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The title doesn't describe the full picture so I would like to give some more background information.

So basically I've been aware of the p2p lending existence but I've always been somewhat hesitant to put money online no matter what the investment is.

The platform that I'm considering is operating in eastern/central Europe and a lot of the credits that are offered are small credits (like between 1/2 to 1 average monthly salary). The percentage for these credits when they are not overdue or with some other problems are around 5.5%. Some of the companies that offers to buy credit from them are well known in the countries they operate which gives me a little more assurance that most of the credits will be collected.

So basically the main pros that I see are:

  1. I have some personal observations on the companies who offer those credits

  2. The credits that I'm looking to invest into are generally for small amounts (which I guess is both - good and bad). For me this is more of a positive since less money = more likely to be given back. However one can argue that the people who are taking such credits are not exactly the most financially reliable, but again, here comes point 1, that I have some idea how those companies works so I expect them to be able to collect most of the credits they've given

  3. The credits that I am willing to invest to are generally short/mid term (expected time for paying the credit is between 30-60 days) which is important for me in terms that as I've mentioned above, I have some inner struggle to invest money online so being able to invest/collect in a relative short period of time, even if it's not that high of ROI is preferable to me.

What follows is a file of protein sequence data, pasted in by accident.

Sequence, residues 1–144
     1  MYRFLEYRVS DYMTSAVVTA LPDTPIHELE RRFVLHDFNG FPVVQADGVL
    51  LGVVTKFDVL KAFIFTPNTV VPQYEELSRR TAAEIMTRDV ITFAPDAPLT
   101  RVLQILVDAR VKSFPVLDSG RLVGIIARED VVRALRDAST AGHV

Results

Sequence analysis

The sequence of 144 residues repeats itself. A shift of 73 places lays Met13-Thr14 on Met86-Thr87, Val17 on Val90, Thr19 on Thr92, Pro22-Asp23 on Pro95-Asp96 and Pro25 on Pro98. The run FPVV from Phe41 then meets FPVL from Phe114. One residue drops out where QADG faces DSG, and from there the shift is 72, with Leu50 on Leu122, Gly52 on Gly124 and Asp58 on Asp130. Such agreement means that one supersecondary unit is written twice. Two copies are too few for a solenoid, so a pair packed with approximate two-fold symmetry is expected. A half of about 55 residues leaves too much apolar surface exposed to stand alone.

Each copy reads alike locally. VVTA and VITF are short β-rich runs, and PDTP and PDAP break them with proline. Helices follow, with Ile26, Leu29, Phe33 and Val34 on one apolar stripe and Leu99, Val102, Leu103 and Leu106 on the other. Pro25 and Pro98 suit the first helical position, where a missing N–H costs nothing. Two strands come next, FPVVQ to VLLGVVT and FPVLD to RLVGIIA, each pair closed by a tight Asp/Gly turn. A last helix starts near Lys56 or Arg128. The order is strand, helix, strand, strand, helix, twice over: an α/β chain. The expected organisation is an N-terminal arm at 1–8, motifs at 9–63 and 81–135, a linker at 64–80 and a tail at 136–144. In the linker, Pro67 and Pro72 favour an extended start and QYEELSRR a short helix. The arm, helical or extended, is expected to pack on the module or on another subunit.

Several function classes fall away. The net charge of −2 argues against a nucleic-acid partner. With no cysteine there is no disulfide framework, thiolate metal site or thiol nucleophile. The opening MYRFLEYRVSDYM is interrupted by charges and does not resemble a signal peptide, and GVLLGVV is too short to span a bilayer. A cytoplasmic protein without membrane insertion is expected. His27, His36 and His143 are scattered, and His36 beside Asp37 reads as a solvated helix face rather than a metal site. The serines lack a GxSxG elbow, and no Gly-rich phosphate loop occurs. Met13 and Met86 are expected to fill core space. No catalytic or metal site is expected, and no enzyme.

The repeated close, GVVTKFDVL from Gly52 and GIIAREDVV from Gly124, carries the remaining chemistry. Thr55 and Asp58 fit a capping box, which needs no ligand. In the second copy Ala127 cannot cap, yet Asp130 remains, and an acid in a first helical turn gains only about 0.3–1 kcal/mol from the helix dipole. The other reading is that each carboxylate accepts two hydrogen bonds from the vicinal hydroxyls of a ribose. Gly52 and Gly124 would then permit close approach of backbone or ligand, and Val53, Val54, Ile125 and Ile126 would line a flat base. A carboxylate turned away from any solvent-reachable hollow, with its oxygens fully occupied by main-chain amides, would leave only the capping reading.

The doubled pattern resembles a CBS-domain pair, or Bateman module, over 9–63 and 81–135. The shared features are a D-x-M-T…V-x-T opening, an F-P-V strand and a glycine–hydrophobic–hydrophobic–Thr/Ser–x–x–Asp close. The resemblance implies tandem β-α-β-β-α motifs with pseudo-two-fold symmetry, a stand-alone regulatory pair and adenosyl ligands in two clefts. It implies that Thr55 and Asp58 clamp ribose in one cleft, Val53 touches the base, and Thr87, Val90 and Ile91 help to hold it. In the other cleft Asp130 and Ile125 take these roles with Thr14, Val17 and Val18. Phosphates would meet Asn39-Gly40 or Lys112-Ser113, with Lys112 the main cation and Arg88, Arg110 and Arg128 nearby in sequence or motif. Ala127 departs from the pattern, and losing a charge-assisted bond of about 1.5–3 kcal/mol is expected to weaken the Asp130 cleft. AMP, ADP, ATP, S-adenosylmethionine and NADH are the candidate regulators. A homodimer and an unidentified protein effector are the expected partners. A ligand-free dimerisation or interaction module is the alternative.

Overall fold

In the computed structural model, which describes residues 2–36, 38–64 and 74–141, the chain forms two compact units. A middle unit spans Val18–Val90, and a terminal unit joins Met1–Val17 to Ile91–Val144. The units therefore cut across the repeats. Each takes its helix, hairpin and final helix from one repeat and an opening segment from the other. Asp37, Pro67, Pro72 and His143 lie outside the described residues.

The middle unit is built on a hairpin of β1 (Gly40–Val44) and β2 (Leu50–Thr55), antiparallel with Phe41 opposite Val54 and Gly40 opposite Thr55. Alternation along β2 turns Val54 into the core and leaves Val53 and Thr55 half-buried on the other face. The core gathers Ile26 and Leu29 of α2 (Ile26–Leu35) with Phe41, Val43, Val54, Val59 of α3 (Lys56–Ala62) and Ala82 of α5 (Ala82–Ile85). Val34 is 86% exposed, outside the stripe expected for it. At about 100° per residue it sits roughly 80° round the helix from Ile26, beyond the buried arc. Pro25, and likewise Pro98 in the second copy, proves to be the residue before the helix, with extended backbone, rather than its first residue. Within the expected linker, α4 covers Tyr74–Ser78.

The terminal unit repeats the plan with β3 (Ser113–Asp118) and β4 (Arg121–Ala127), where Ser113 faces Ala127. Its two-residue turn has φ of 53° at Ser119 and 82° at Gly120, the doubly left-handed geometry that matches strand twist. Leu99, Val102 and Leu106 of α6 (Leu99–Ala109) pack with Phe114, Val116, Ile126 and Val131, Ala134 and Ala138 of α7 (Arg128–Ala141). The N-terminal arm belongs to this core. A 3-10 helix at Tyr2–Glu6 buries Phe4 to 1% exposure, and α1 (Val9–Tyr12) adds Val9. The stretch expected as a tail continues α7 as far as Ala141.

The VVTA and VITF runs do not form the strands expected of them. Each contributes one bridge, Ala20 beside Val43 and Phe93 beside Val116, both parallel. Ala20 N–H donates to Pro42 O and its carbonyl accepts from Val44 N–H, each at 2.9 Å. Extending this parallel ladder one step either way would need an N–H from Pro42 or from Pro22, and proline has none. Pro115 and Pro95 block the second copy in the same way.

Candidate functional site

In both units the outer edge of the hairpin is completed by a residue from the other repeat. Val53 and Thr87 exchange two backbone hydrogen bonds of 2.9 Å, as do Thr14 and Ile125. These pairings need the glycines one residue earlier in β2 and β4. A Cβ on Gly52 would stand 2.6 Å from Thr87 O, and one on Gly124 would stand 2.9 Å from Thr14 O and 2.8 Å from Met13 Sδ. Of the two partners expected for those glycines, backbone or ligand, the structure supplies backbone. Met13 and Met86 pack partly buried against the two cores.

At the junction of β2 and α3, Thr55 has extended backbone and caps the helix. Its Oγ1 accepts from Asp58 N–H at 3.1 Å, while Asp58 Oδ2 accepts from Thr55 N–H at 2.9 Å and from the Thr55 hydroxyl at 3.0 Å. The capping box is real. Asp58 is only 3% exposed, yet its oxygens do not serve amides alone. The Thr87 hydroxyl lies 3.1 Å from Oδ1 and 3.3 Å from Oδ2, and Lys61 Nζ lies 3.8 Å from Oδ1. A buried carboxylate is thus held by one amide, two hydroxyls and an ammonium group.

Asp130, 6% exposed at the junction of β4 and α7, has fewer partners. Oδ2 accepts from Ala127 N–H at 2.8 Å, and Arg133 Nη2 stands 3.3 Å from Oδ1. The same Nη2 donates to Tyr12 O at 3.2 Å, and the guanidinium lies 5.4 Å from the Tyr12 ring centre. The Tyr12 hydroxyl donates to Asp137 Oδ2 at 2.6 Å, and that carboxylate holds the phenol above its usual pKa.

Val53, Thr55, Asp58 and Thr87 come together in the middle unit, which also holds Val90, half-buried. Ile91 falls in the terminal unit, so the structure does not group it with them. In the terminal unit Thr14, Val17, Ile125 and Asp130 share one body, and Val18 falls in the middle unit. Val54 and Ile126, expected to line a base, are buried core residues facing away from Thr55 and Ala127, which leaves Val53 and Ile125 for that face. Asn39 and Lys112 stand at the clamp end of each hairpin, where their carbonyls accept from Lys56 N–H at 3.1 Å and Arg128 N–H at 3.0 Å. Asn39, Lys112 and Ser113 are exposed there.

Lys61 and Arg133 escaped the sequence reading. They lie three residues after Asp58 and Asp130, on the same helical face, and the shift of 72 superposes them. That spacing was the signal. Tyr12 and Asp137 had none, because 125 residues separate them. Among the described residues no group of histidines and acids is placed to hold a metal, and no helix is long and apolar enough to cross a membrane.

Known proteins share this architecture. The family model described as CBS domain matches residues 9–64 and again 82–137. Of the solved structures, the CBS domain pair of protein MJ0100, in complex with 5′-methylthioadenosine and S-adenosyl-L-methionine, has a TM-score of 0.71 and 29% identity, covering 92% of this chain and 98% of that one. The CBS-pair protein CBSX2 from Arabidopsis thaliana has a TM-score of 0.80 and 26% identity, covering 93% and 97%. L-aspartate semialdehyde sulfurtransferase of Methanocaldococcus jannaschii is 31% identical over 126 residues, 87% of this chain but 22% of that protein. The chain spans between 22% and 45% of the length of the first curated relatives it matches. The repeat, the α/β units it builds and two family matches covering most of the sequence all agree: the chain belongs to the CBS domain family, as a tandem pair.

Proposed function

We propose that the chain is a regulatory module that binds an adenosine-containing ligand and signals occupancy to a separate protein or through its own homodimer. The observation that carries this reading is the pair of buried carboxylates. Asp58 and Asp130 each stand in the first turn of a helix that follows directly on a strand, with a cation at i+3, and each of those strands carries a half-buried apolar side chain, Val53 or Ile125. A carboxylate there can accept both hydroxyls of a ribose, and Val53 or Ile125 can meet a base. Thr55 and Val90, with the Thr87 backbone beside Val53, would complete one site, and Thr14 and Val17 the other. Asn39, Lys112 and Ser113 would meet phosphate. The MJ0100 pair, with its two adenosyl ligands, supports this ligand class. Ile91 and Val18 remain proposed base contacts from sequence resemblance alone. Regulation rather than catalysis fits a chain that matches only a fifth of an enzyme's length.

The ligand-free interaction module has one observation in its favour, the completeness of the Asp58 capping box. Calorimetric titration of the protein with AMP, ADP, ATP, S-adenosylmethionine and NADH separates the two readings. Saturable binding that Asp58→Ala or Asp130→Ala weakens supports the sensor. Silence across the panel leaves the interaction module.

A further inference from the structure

So in my mind I have this picture - I put some money into this platform, I buy a credit which, if everything goes well, is paid within 30 to 40 days, after which I happily collect my profit no matter how small it is and make decision whether or not I would like to proceed with this.

However, as everything in life, this sounds too good to be true. If it was that easy - you give some money away for a month and then you collect them with 5% interest then I don't see a reason why all people, especially those with more money, don't just do that? Something changing drastically within 30 days is highly unlikely so the risk doesn't seem that big. You just give some money, and after 30 days you collect them back with 5% interests and then you can do it again.

So what is the problem with this picture? Why are not all credits bought by rich people/companies and just making profits? What are the possible pitfalls/problems that I should be aware of before investing anything?

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    "The percentage for these credits when they are not overdue or with some other problems are around 5.5%" but what happens when you factor in those loans with problems or are overdue? – mhoran_psprep Jun 6 at 11:54
  • Is that 5% the effective annual rate? So for a 30-60 day term you don't actually get back principal * 1.05 ? – AakashM Jun 6 at 12:40
  • @AakashM Good question, I'm not exactly sure. But the interest is not the particular thing I'm interested in. It's more like a general question. Since I mostly see only the good parts of doing this I would like to hear about the actual risks involved. The fact that the interest might be lower than expected is something to consider but I wouldn't say it's exactly risk. What mohran_psprep commented is actually valid point. Some of the goof credits will eventually become bad, but I guess there are other things to consider too. – Leron Jun 6 at 13:21